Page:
UCSB's "A Call to Action" curators Paige Sundstrom (left), Calli Force, and Des Alaniz | Credit: Madison Smoak

Since October 2021, UC Santa Barbara’s library has been showcasing artistic responses to the COVID-19 pandemic and Black Lives Movement in an exhibit called A Call To Action. The exhibit is a collection of photography, writing, audio, and digital graphics that were submitted to the community archives by students, staff, faculty, and the larger Santa Barbara community. 

Credit: Madison Smoak

The responses to a time of protest and quarantine are both collective and individual, which the exhibit seeks to portray through the different artistic mediums and diverse voices.

Teaching and Learning Librarian Paige Sundstrom said, “For me personally, it is important to know how we are telling a story, who is telling the story, as well as having physical artifacts to represent this time uniquely and well.”

COVID-19 and Black Lives Matter protests have marked the past three years, and the curators of the exhibit — Sundstrom, Calli Force, and Des Alaniz — wanted the exhibit to be interactive and guide visitors through the experience and inspire them to reflect or submit their own work.

Their ideas and creation of the exhibit was completely remote, but their work came to life in the physical space. The exhibit is unique in that it captures an ongoing conversation about the pandemic and anti-racism protests, since these experiences are a part of history as much as they are still occurring.

Credit: Madison Smoak

The exhibit engages all visitors immediately, as participants are encouraged to grab a white baggie full of different colored beads, each matched with a specific emotional response: optimistic, confused, inspired, angry, or empathetic. At the end of every exhibit component, visitors are welcomed to drop a bead in a clear container to indicate the way the experience made them feel. It invites visitors to be active participants and will also give curators data to tally.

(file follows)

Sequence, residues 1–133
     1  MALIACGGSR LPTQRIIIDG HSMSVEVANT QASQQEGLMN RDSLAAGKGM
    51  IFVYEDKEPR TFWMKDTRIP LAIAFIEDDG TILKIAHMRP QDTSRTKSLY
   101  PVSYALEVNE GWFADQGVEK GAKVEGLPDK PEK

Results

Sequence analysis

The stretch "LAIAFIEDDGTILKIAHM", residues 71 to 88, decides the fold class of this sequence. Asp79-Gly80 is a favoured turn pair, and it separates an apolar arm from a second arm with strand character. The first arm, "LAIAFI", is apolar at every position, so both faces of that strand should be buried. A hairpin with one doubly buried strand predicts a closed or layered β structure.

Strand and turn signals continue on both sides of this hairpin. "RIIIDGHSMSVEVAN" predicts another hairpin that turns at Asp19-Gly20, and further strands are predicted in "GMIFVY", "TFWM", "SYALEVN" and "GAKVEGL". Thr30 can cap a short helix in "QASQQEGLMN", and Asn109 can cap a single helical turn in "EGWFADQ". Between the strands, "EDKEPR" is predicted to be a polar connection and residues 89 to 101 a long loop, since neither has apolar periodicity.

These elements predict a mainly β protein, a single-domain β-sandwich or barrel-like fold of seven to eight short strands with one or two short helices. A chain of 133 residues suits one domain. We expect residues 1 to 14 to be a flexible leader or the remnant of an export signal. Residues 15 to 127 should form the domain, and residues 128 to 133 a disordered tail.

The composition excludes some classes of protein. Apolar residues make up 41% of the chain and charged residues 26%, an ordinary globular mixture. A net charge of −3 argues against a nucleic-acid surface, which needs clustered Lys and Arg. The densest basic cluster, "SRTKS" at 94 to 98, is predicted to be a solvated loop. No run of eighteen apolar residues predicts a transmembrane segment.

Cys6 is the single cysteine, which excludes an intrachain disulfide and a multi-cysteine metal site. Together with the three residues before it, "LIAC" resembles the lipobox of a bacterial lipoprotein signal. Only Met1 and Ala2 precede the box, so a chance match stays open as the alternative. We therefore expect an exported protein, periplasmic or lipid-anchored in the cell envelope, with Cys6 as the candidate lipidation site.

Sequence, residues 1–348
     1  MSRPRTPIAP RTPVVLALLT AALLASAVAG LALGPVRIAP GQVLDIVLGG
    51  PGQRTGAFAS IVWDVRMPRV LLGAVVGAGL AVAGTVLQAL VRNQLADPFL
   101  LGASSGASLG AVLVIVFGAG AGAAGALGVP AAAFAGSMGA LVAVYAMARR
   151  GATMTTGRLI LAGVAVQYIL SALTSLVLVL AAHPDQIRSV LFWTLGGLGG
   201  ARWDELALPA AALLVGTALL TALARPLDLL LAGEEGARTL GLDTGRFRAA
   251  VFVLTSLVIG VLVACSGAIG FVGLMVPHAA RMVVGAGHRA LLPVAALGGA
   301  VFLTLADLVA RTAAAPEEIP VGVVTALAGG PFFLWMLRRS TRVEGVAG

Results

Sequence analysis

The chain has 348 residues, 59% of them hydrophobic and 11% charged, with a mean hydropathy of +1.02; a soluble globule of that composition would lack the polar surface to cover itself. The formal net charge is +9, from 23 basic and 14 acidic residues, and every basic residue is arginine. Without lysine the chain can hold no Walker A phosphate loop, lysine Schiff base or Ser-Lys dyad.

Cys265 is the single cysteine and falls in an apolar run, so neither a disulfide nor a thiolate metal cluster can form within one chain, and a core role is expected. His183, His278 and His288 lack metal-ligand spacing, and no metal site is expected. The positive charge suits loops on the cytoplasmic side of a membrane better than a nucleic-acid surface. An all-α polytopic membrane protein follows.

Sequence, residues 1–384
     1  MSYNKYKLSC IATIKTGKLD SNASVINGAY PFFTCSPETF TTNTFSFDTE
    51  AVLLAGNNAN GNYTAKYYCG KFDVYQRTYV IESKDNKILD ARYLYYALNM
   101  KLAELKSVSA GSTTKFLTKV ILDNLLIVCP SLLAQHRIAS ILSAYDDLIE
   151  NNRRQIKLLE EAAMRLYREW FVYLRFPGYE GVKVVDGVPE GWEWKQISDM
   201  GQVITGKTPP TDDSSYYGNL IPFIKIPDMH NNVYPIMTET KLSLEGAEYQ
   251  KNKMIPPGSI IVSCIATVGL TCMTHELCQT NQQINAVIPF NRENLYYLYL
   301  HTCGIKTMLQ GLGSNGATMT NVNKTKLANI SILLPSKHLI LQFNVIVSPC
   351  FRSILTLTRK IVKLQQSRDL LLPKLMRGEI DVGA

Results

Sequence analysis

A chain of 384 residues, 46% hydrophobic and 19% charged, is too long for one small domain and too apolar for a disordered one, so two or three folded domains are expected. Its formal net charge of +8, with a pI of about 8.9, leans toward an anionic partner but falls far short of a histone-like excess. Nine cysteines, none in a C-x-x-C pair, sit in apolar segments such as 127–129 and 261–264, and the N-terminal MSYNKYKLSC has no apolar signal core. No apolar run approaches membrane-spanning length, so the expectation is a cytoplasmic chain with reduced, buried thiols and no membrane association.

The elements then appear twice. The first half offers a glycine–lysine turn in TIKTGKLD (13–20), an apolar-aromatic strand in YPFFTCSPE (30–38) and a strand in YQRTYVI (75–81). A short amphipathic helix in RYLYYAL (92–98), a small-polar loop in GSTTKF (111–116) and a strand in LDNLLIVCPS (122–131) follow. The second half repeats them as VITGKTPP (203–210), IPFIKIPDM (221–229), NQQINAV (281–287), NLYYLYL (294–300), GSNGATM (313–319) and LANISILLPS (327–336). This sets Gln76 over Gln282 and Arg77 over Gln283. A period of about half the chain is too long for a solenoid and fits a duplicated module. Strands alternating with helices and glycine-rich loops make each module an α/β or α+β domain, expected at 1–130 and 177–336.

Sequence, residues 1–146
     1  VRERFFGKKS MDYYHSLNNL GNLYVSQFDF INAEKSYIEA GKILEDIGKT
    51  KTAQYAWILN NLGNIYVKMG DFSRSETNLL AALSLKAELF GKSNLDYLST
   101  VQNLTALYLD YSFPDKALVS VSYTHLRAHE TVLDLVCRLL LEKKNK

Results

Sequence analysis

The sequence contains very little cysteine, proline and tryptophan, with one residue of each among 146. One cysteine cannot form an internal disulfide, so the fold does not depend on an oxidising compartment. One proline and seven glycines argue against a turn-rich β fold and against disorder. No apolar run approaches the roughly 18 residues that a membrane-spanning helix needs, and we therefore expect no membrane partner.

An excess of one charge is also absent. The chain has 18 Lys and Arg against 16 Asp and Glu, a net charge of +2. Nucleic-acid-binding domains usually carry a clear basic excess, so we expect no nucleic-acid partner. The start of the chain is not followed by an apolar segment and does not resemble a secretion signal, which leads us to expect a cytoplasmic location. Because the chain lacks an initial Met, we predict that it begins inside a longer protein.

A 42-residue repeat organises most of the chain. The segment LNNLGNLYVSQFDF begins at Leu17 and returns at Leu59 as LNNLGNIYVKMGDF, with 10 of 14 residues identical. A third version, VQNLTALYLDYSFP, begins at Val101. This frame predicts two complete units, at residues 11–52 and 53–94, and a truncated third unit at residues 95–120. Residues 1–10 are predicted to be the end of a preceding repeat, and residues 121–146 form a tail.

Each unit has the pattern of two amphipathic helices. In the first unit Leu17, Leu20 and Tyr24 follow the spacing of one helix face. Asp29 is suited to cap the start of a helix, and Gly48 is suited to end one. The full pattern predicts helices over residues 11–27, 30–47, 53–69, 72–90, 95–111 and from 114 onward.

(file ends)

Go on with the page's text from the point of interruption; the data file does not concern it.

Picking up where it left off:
More interactive pieces include DJ Philo Beto on an MP3 recording, projections from video games, and a Polaroid camera for visitors to leave a photo behind: an alternative take on a guest book. Chalk images, entire journal collections from classrooms, and vinyl quotes fill the room. “You can feel nervous, sad, curious, inspired all at once,” Sundstrom said.

The exhibit has reopened to the public this month after the library was closed during the pandemic. Visitors are asked to complete an online form for a green badge located on the website and can also experience the exhibit remotely on a digital online platform. The hope is that the exhibit itself will inspire others to submit their work. Submissions remain open indefinitely to the official UCSB University Archives. 

The A Call To Action exhibit will be open until the end of the academic year in June 2022 with a special reception on April 5 where the public can meet the curators and some of the artists themselves.

Credit: Madison Smoak

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